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Welcome to a Corner filled with Information related to the Speech and Language disorders seen in Children. Information on assessment, intervention strategies, and the latest updates in research. You will also be able to interact with other professionals and parents.

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Thursday, January 15, 2009

Selective Mutism

My experience with Selective Mutism is quite limited and having a patient now, I haven't seen much of a breakthrough yet. Searching through the internet, I stumbled upon this paper presented at the ASHA 2008 by Jan Middendorf and Jessica Burungrud. It truly gave me a new perspective to treat and an encouragement, when I was running out of ideas. There are other fabulous handouts from this years ASHA convention that you can access.

Click on the link : http://convention.asha.org/handouts.cfm

Selective Mutism: Strategies for Intervention
ASHA 2008
Jan Middendorf, M.A,CCC
Jessica Buringrud, M.A.,CCC
Shaping Nonverbal to Vocal to Verbal Skills
Warm up activity
  • Non vocal act, such as stick out tongue, close teeth and smile, place upper teeth on lower lip. These acts were repeated with air flow, creating an approximation of the speech sounds /th, s, f/ respectively.
  • Non vocal blowing act and then stopping of the air stream at the level of the lips, then tongue tip at teeth, then at soft plate, creating an approximation of the speech sounds /p, t, k/ respectively.
  • Repeat above task with voicing (cue, make it noisy) to produce speech sounds /th, z, v, b, d, g/.
  • Introduce vowels by opening mouth after production of consonant. Shape vowel by describing mouth positions (fish mouth - /u/, cave mouth - /ah,/ smile mouth - /e/).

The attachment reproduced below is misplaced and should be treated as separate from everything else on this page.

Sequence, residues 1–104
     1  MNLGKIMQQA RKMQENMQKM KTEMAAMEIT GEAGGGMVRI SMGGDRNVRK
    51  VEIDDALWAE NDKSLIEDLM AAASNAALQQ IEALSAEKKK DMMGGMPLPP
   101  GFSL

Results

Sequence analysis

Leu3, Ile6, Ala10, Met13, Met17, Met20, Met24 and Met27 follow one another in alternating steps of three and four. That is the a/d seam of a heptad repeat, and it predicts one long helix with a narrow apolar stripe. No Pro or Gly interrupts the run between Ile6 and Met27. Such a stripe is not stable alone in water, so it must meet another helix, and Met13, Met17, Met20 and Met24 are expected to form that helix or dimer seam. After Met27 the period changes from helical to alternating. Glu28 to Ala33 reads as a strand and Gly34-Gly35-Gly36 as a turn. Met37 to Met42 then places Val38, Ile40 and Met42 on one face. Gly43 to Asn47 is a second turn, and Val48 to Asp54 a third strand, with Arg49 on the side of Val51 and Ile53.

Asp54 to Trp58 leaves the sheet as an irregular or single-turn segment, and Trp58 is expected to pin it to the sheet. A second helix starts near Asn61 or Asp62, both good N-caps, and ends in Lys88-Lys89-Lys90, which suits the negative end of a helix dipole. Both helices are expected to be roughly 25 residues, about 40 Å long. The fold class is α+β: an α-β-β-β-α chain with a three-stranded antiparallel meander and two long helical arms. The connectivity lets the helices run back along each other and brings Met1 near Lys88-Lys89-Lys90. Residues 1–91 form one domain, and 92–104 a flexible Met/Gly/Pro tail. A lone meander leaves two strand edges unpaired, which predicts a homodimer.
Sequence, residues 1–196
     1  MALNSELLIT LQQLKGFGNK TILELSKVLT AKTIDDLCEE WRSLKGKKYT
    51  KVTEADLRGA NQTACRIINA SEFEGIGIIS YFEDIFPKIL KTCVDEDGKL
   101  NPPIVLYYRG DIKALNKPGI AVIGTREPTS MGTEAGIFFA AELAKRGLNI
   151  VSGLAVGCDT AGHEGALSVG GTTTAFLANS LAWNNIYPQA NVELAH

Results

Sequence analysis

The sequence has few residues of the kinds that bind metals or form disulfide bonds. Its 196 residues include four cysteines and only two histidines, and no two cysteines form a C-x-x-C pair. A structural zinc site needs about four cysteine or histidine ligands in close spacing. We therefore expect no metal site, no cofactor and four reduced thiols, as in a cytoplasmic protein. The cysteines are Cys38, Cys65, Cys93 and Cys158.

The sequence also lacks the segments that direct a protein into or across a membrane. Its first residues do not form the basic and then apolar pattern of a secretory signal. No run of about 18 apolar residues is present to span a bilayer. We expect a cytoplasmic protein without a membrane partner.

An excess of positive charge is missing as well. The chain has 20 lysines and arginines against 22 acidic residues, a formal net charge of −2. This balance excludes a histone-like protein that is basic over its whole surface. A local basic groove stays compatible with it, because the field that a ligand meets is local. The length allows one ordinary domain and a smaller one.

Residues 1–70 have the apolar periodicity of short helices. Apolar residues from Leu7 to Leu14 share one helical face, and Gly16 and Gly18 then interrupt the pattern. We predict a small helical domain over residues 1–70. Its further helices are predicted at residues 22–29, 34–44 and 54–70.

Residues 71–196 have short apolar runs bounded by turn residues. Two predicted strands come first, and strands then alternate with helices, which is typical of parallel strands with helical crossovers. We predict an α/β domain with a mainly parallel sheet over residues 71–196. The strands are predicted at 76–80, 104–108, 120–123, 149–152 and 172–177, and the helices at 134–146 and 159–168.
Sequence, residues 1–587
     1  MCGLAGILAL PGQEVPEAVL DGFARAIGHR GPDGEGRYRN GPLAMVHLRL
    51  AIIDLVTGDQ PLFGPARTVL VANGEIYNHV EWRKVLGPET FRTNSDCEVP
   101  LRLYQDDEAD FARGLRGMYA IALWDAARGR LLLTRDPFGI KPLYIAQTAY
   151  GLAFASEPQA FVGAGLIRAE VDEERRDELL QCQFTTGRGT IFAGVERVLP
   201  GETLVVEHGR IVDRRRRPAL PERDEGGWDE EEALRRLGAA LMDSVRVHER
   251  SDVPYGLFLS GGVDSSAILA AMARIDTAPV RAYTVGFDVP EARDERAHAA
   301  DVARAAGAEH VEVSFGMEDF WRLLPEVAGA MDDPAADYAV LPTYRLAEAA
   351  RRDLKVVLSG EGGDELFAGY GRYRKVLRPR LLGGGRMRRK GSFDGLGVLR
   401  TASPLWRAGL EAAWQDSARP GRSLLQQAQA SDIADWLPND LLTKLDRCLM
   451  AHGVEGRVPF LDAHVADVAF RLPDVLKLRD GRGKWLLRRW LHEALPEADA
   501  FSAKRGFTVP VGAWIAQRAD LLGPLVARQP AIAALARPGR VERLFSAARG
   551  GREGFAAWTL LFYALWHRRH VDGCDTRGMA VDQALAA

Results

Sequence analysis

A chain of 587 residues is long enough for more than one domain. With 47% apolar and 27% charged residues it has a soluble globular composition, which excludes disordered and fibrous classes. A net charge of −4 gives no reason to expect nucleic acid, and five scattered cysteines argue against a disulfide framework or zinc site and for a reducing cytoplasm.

• Slowly introduce true words with in content of consonant vowel repetitions (say, see, so, Sue, day, do, may, my bye, boo, key, etc.
  • Transfer repeated words to functional words. For example, say word “go” in order to get picture to appear on screen.
  • Continued to generalize us of true words, for example, name word in order to “win” it in card game.


  1. Manju!

    Your blog is wonderful already! I am so pleased the rest of the world can have access to your wealth of knowledge and heart. Thanks for the info on selective mutism - very valuable. Marnee


  2. I also just began working with a student identified with selective mutism. However, he can speak ocassionally at very random moments. Large classes obviously cause great stress, as does his inability to respond verbally when needed. It is apparent he wants to speak at times and simply cannot. Are the exercies you listed appropriate for someone who can speak on ocassion? I am at a loss for ideas.

  3. Yes, they are great with occasional speaking kids too. I had a similar child too! But it requires alot of patience and help from all members of the team(SPL, teachers, parents etc...)